Salley Collins, a spokeswoman for Ehlers, the ranking Republican on the committee, said before the agreement that her boss was not trying to block the deal but wanted to be assured of its details.

"The ranking member's objective is to assist, not deter, the privatization effort," she said.

Class of '94 Bites Back

The unusually frank comments from freshman Rep. Dean Heller (R-Nev.) about his own party needing to "clean house" -- starting with members of the historic Class of 1994 -- are rubbing his GOP colleagues the wrong way. Members of the congressional class that ended a 40-year Democratic reign in the House are especially peeved.

Heller's offense was telling the Las Vegas Review Journal: "I'm of the position that we really need to clean house in this Republican Party, and I think the next couple of election cycles are going to do that." Taking special aim at the '94 GOP freshman class, Heller said, "It's an old mantra: They came to change Washington, and Washington changed them."

GOP colleagues were not impressed with his notion of tough love, especially Rep. Zach Wamp (Tenn.), the only member of the '94 class who contributed money -- $2,000 -- to Heller's reelection campaign this year.

"The people of Tennessee are glad that what is said in Nevada stays in Nevada," Wamp told On the Hill.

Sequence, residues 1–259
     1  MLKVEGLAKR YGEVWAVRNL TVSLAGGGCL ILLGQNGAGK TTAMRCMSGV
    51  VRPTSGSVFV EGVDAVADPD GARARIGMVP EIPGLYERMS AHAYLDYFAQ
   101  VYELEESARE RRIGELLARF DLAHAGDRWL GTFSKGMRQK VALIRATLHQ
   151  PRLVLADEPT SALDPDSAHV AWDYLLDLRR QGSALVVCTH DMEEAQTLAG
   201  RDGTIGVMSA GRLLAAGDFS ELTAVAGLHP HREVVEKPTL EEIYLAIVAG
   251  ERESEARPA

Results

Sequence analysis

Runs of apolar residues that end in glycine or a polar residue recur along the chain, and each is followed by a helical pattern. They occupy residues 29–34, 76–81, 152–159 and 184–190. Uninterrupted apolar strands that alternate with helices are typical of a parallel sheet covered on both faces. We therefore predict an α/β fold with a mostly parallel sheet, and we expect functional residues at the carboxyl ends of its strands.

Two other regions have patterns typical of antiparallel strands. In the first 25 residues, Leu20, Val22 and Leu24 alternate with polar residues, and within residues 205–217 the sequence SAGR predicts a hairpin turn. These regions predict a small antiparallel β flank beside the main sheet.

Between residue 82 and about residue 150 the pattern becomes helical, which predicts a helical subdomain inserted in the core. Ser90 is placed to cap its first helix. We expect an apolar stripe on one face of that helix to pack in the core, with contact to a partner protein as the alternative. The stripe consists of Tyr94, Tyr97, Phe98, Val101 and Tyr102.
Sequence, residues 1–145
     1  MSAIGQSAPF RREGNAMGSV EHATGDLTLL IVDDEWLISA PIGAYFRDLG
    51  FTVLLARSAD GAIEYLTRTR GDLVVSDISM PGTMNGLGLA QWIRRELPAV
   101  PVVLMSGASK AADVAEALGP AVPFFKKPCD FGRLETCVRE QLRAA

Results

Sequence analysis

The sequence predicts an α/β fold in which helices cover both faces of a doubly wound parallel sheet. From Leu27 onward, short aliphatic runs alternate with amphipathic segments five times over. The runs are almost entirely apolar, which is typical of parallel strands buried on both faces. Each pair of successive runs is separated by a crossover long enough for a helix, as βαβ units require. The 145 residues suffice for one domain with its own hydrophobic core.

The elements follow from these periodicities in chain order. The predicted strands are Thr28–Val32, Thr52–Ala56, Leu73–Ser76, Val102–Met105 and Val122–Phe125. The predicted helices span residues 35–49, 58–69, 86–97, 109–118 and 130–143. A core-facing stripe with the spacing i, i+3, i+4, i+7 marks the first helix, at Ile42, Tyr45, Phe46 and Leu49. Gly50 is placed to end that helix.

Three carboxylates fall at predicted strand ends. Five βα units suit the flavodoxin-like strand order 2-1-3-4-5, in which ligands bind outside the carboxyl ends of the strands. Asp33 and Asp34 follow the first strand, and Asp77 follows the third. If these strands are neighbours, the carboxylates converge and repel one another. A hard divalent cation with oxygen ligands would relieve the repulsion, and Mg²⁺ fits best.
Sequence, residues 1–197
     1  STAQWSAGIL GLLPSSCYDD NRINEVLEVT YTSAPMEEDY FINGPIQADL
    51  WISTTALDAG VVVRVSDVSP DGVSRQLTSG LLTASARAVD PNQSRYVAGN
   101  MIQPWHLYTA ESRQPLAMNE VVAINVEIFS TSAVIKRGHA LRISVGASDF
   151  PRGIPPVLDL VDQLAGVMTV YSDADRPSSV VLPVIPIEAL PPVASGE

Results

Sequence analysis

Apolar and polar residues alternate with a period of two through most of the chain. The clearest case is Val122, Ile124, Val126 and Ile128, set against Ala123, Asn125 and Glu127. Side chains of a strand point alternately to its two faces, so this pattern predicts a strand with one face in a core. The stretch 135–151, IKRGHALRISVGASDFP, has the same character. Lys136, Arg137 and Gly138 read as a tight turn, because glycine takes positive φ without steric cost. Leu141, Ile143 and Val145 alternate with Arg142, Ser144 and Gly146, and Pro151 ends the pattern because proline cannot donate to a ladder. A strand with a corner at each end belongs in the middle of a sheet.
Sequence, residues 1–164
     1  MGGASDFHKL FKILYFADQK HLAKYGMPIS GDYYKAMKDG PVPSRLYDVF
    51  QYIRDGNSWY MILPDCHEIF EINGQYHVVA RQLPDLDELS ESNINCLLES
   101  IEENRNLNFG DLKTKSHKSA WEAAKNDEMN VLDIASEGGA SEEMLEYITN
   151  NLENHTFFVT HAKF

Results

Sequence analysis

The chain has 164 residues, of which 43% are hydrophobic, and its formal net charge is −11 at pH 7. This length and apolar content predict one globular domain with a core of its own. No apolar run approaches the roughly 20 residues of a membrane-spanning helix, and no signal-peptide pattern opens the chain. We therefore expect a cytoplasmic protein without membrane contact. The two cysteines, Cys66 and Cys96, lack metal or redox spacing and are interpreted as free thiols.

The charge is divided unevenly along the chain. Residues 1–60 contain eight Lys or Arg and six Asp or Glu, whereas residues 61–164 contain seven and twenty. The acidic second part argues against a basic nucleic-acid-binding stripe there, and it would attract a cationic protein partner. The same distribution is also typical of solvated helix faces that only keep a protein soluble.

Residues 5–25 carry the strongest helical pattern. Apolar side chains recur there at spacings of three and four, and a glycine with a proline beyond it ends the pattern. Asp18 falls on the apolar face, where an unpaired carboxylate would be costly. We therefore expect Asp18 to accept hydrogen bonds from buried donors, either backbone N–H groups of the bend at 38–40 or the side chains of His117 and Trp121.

Another member of the class, Rep. Steven C. LaTourette (Ohio), said the Nevada freshman's comments "make me think they might have started storing radioactive waste in Yucca Mountain or had an escape from Area 51. The fact is, the Class of '94 created the longest-serving Republican majority in recent history, and we didn't lose it until Dean showed up."

Ouch! LaTourette, who is known for his biting humor, insisted he was only joking.

Rep. Phil English (Pa.), another proud lawmaker elected 14 years ago, said: "People forget that the insurgent GOP Class of 1994 reformed welfare, cut taxes and moved the center of gravity in American politics right. Reform advocates should be wary that a 'change election' could empower big-government advocates to embrace a radical program that will have lasting fallout."

Cue Apology

Our apologies to Sen. Patrick J. Leahy (D-Vt.) and his acting career. He does indeed appear in the credits for "The Dark Knight," despite what we said here last week about his cameo in the upcoming Batman flick premiering in his home town of Montpelier, Vt.

Leahy is officially known in the credits as "Gentleman at Party." That's the gentleman who is whisked away from a dinner party by the Joker's henchmen, as seen in the trailer.

As Roll Call reported yesterday, Leahy tells the Joker before being hauled away: "We're not intimidated by you thugs." Asked yesterday whether "Gentleman" survives, the senator looked around and whispered: "He does." has a link to a full roster of the Judiciary chairman's on-screen appearances, which includes his other cameos in Batman movies and, oddly, his appearances on talk shows such as "Meet the Press."